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Chapter 16 : Serological versus Sequence-Based Methods for Identification

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Serological versus Sequence-Based Methods for Identification, Page 1 of 2

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Abstract:

The genus comprises 48 species and 70 different serogroups, and approximately half of them have been associated with human disease. Serological methods have been widely used for species and serogroup identification, but the progressive characterization of new species has established that antigen cross-reactivity limits specificity and restricts their use to a few frequently isolated species. Serological and sequence-based methods were used by the authors in a study for comparing identification with 93 strains including clinical and environmental ones, , and other species. The aims of the study were to determine the correlation between serological and sequence-based methods and to establish a better strategy to increase the number of species of that can be identified. Comparing serological methods, 90 of 93 (96.7%) strains presented agreeing results with the three methods used. Comparing gene sequencing methods, 85 of 93 (96.7%) strains presented agreeing results with both genes. The percentage of similarity for species allocation was 99 to 100% with the mip gene and 97 to 100% with the 16S rRNA gene. Serological methods have been the most frequently used for identification, but the number of species that could be identified is limited. Sequencing methods allow the identification of any strain, detecting all species described and new ones. In this study all strains were identified with both genes, but disagreements were detected when both gene results were compared.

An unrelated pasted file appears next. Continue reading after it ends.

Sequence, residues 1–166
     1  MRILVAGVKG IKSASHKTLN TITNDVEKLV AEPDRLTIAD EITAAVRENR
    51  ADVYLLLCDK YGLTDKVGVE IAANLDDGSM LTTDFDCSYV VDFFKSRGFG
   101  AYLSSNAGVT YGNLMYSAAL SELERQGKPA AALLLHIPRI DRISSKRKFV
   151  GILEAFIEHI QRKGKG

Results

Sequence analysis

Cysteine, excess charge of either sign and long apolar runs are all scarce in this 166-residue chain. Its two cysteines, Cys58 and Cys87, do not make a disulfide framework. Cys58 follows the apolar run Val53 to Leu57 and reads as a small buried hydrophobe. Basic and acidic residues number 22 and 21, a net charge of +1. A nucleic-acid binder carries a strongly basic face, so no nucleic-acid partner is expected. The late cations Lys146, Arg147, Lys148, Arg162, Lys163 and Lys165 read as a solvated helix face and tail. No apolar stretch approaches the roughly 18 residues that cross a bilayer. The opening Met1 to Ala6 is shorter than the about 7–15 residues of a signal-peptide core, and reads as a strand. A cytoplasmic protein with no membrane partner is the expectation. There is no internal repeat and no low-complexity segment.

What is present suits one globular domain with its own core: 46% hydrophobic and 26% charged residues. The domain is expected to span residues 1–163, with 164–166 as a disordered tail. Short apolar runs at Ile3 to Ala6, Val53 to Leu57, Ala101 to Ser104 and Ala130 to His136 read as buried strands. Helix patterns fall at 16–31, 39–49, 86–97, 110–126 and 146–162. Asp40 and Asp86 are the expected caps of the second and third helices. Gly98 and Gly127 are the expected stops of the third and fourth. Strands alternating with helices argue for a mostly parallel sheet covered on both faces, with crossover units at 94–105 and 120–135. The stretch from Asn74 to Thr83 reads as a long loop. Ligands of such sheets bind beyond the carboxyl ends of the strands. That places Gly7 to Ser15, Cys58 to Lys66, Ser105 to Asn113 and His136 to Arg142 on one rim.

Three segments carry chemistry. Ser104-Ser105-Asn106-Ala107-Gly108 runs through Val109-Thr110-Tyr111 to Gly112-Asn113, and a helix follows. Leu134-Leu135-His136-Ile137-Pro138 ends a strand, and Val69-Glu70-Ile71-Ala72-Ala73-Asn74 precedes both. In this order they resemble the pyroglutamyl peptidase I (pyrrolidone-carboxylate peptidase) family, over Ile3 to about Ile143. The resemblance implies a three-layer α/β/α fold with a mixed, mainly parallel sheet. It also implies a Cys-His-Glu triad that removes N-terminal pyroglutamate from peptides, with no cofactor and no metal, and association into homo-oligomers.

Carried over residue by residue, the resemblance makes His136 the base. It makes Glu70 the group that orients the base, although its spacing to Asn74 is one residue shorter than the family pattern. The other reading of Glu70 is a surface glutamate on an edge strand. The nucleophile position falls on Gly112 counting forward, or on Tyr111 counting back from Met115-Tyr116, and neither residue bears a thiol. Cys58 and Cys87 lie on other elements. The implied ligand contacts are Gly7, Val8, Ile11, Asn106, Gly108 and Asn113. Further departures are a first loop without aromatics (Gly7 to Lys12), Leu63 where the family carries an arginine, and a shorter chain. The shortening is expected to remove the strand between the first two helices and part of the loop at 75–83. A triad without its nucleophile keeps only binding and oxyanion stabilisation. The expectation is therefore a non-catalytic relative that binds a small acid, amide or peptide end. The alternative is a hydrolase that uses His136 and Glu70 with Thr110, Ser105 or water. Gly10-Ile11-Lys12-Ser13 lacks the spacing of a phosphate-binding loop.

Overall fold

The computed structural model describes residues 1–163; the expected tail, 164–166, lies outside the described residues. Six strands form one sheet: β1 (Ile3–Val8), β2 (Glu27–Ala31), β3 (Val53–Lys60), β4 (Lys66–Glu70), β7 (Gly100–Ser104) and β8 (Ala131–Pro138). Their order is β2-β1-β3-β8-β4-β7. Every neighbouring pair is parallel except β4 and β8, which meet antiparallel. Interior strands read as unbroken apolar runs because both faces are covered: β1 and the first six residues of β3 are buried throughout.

Citation: Baladrón B, Gil V, Pelaz C. 2006. Serological versus Sequence-Based Methods for Identification, p 58-62. In Cianciotto N, Kwaik Y, Edelstein P, Fields B, Geary D, Harrison T, Joseph C, Ratcliff R, Stout J, Swanson M (ed), . ASM Press, Washington, DC. doi: 10.1128/9781555815660.ch16

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16s rRNA Sequencing
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References

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1. Cordevant, C.,, J. S. Tang,, D. Cleland, and, M. Lange. 2003. Characterization of members of the Legionellaceae family by automated ribotyping. J. Clin. Microbiol. 41:3443.
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6. Pelaz, C. and, C. Martín-Bourgon. 2000. Infección por Legionella en España: Análisis de las cepas humanas y ambientales aisladas entre 1980 y 1999. Enf. Emerg.. 2:214219.
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Tables

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TABLE 1

Serological and sequence identification

Citation: Baladrón B, Gil V, Pelaz C. 2006. Serological versus Sequence-Based Methods for Identification, p 58-62. In Cianciotto N, Kwaik Y, Edelstein P, Fields B, Geary D, Harrison T, Joseph C, Ratcliff R, Stout J, Swanson M (ed), . ASM Press, Washington, DC. doi: 10.1128/9781555815660.ch16
Generic image for table
TABLE 2

Serological and sequence identification

Citation: Baladrón B, Gil V, Pelaz C. 2006. Serological versus Sequence-Based Methods for Identification, p 58-62. In Cianciotto N, Kwaik Y, Edelstein P, Fields B, Geary D, Harrison T, Joseph C, Ratcliff R, Stout J, Swanson M (ed), . ASM Press, Washington, DC. doi: 10.1128/9781555815660.ch16

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